SHOUT 2016 Hurricane Rapid Response Launches Global Hawk Towards Hurricane Matthew
NOAA UAS Program coordinates Science Flight #7 from NASA Armstrong, CA.
Following a 9.7 hour reposition flight from NASA Wallops to NASA Armstrong on September 28th, NOAA’s UAS Program re-established the SHOUT Hurricane Rapid Response posture to support Hurricane Matthew operations. With 48 hours notice, the team launched NASA’s Global Hawk at 1956 PDT October 4th for seventh science flight of the SHOUT 2016 campaign towards Hurricane Matthew.
Of note, SHOUT HRR continued to minimized the number of deployed personnel and took advantage of having Global Hawk Operation Centers (GHOC) at both East and West Coast sites. For the Hurricane Matthew events, the flight crews are all located at Armstrong where they are home based while the payload personnel and science teams are conducting their operations from Armstrong, Wallops or remotely. This has greatly increased operational flexibility while decreasing costs.
According to the National Hurricane Center (NHC) at 1700 EDT October 4th, "When a hurricane is forecast to take a track roughly parallel to a coastline, as Matthew is forecast to do from Florida through South Carolina, it becomes very difficult to estimate impacts this far in advance. For example, only a small deviation of the track to the left of the NHC forecast could bring the core of a major hurricane onshore, while a small deviation to the right could keep all of the hurricane-force winds offshore. It will likely take another day or so for the potential impacts of Matthew in the United States to clarify."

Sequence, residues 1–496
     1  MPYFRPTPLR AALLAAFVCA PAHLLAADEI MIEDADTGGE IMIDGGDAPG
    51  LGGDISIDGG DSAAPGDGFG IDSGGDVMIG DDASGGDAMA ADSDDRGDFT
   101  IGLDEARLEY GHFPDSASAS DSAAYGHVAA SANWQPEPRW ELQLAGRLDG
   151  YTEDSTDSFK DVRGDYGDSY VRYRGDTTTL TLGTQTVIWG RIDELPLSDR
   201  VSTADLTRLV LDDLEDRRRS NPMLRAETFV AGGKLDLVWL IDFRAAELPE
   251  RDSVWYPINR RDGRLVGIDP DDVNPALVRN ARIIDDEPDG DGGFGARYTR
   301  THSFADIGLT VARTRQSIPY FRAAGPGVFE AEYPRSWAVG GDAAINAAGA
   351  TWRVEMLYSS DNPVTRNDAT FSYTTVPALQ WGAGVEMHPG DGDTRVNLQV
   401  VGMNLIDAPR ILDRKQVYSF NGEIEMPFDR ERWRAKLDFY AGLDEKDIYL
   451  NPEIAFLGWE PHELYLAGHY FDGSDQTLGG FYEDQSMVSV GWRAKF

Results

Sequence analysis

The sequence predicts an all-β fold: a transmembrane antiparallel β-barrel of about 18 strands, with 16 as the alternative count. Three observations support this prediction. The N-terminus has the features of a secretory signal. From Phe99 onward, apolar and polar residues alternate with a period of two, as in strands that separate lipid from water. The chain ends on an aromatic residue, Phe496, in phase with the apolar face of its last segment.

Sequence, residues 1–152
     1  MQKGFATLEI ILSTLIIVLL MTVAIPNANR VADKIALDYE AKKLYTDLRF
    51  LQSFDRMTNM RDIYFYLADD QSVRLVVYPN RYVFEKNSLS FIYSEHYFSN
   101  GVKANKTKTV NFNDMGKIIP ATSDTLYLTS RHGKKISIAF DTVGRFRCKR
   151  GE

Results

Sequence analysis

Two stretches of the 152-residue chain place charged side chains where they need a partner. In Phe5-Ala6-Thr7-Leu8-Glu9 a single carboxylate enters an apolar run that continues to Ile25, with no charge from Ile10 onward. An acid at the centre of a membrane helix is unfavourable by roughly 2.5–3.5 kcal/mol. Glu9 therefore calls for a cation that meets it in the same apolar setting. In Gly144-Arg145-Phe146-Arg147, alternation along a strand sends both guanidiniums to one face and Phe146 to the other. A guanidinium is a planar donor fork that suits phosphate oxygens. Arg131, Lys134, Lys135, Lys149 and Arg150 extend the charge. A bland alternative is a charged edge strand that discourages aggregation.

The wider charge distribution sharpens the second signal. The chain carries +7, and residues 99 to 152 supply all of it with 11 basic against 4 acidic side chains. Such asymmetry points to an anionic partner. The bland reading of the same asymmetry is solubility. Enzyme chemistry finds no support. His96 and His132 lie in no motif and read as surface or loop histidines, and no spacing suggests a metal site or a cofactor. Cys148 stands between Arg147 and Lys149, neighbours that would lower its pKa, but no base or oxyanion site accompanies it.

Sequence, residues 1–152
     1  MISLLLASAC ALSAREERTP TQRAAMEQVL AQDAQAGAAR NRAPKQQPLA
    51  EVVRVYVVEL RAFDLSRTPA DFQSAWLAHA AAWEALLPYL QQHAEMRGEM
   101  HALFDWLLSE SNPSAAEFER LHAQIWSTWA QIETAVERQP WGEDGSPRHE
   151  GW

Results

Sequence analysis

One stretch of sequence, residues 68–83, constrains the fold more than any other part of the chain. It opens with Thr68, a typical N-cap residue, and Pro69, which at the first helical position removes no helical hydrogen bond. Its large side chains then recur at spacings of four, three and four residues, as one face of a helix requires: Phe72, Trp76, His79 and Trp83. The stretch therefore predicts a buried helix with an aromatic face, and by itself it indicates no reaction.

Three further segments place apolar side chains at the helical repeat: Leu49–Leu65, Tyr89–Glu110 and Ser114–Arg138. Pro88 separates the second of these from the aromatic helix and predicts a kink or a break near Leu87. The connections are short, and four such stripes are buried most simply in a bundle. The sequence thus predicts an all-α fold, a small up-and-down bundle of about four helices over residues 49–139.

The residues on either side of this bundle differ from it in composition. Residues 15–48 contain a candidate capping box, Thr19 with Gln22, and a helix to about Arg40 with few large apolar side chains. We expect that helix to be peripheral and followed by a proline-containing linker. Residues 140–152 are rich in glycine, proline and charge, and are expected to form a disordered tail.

On October 5th, the Global Hawk collected data East of Florida in close support with the manned aircraft in the vicinity to be used by the NHC and landed safely back at California at 2040 PDT after a 24.7 hour mission dropping 62 sondes. Our next flight is scheduled for 1900 PDT October 6th.